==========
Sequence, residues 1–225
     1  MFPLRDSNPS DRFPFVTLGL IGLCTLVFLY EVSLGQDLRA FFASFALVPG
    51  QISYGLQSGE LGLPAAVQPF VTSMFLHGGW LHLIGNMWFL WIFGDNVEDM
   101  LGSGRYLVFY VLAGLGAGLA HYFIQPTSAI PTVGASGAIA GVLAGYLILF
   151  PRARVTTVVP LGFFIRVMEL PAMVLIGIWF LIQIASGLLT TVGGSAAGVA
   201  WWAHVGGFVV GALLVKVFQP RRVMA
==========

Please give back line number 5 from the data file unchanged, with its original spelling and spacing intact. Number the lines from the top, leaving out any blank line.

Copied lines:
   151  PRARVTTVVP LGFFIRVMEL PAMVLIGIWF LIQIASGLLT TVGGSAAGVA